2) We should not let our obsession with religious practices or beliefs get in the way of honoring God’s greatest commandment:
To love God with all our heart, mind, soul, and strength, AND to love our neighbor as we love ourselves.
This is typically how we interpret the parable of the Good Samaritan.
We are to be like the Good Samaritan and show mercy to all, and we are NOT to be like the Levite and the Priest who failed to do so.
But unfortunately the parable of the Good Samaritan has lost its sting over the last 2000 years.
Most modern day Christians have a vague understanding that the Samaritans and the Jews did not particularly like each other and therefore for the Samaritan to be cast in the role as the righteous and merciful one was quite shocking for those listening to Jesus’ parable.
A first century Jew would be repulsed to hear that they were called to imitate the behavior of a Samaritan. To do so they would really have to dig down deep and fight against a life-long pattern of learned hatred and fear.
But in our time, the word Samaritan has taken on a whole other meaning.
The word has worked its way into our secular culture and has come to describe anyone who stops to help a stranger. In fact, the word no longer needs the qualifying adjective “Good” as the word “Samaritan” itself has come to mean “merciful,” “compassionate,” and “selfless.”
If a first century Jew heard us using the word Samaritan in this manner, he or she would cringe.
For us it would be like redefining the word “Nazi” or “Terrorist” to mean a person of good intentions and good will.
As in, “My car broke down on the highway last night, but thankfully a Good Terrorist stopped to help me.”
To garner the full effect of the parable as Jesus intended it, we need to turn it upside down.
We need to stop putting ourselves in the place of the Levite, the Priest, or the Samaritan by imagining who WE would be reluctant to help, and instead see the story unfold from the perspective of the person needing the help.
It’s time that we looked at the tale of the Good Samaritan from the perspective of the anonymous man in the ditch.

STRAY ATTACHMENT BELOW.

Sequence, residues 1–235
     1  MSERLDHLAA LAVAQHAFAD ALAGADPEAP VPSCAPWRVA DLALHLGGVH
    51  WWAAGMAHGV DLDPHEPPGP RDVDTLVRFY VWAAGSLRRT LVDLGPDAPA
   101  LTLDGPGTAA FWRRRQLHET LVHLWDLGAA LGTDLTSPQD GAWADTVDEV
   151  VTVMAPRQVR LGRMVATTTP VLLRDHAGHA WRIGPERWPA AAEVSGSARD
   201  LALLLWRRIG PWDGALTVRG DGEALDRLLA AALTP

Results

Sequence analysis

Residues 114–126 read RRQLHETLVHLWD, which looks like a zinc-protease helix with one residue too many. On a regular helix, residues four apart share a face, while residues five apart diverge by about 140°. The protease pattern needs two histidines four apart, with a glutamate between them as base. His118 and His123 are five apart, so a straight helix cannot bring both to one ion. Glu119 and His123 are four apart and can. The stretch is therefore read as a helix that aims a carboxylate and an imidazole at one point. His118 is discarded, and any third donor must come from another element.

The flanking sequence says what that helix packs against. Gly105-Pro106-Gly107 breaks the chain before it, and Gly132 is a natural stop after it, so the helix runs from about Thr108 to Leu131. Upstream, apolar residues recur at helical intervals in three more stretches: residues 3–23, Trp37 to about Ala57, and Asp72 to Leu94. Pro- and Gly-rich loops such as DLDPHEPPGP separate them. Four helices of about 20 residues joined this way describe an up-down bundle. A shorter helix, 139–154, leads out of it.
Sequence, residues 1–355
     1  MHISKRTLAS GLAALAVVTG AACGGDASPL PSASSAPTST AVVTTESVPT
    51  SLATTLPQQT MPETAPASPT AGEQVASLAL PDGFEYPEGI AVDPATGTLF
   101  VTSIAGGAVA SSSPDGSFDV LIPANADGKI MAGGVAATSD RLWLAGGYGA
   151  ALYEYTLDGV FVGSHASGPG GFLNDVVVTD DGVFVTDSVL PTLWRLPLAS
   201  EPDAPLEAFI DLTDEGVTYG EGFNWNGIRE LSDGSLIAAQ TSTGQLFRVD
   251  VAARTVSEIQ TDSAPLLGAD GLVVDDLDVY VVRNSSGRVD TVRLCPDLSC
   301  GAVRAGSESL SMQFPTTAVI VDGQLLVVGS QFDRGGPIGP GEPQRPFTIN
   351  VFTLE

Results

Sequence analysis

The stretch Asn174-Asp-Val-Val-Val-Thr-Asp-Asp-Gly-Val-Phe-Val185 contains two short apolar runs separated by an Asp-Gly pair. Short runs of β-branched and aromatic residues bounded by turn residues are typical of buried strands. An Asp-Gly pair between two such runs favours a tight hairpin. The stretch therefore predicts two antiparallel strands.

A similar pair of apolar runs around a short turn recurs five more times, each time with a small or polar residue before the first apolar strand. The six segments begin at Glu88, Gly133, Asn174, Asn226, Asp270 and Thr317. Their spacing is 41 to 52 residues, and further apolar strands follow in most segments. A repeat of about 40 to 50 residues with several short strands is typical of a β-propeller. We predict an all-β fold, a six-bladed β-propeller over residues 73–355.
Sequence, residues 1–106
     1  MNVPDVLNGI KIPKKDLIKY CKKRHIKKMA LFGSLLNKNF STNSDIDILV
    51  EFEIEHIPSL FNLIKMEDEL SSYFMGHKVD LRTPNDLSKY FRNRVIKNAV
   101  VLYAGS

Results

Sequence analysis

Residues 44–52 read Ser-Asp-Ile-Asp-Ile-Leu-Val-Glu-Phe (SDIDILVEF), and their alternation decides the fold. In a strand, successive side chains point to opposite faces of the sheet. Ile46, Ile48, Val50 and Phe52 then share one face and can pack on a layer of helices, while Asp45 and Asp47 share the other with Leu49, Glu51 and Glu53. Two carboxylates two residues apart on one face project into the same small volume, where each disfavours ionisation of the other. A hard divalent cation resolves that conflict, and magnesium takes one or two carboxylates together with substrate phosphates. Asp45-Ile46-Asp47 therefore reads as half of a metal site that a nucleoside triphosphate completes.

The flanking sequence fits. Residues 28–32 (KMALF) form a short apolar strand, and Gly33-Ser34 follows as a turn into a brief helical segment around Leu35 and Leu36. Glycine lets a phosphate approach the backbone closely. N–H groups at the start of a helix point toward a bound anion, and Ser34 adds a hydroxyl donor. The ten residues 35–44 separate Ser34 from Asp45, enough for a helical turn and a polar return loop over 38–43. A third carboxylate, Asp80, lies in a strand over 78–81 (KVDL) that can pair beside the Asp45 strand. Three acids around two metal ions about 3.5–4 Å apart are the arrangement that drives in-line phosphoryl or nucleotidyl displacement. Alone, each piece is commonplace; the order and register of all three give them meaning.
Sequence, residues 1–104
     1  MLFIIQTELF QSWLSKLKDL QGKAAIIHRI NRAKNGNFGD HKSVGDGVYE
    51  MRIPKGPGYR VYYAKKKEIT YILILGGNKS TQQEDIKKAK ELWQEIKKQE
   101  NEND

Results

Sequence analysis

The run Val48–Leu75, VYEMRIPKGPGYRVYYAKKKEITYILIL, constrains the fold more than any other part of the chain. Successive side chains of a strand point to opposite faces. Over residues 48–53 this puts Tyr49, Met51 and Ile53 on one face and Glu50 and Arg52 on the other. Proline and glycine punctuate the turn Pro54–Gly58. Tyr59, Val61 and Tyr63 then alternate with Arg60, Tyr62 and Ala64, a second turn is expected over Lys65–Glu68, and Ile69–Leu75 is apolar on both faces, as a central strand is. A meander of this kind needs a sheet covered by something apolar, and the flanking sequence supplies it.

If we were the one lying by the side of the road who would be our Levite and our Priest?
Who do we imagine would NOT stop to help us?
Who do we imagine would be indifferent to our pain or delight in our misfortune?
Who is the last person that we could imagine caring about our well-being?
And now can we picture that person being our Good Samaritan?
We may fully believe that we are capable of extending love and mercy to our enemy, but do we believe that our enemy is capable of extending love and mercy to us?
And if our enemy offers us love and mercy, would we accept it?
Or would we think it was just part of a manipulative plan to harm us?
Just as it was healing for the Jewish people listening to Jesus’ parable to see their enemy as being capable of feeling love and mercy for a stranger, it is healing for us to see our enemy in the same way.
By reversing the perspective of the parable of the Good Samaritan, we can reflect on how the man in the ditch might have felt when he discovered that his only hope for healing was through a Samaritan, from a people he had been taught to fear and hate.
And we may ask ourselves, who are the people in our time that we fear and mistrust?
How might they be the source of our healing?
Martin Luther King Jr. alluded to the parable of the Good Samaritan in his famous “I’ve been to the Mountaintop” speech, given on April 3, 1968 –t he day before he was assassinated, in Memphis, Tennessee.
King noted that the first question that the Levite and the Priest asked was,
"If I stop to help this man, what will happen to me?"
But when the Good Samaritan came along, he reversed the question and asked, "If I do not stop to help this man, what will happen to him?"
We might extend King’s reversal of perspective by asking yet another question, “If we do not stop to help each other, or accept help from each other, what will happen to us?”
The parable of the Good Samaritan is the story of a man who was lifted up out of a ditch and in the process he caught a glimpse of the view from the mountaintop. He looked over and he saw the Promised Land.
He saw the potential that human kind has to look past their prejudices and their fear, and live out their lives in compassion, mercy and peace.
In telling us this parable, Jesus gives us the opportunity to put ourselves in the ditch.
To look up at the face of our enemy as they reach down to help us; to let go of the hate, fear, or judgment that we feel, and to begin the process of healing.
As we lift each other up, bind each other’s wounds, and continue on the road to Jerusalem, together.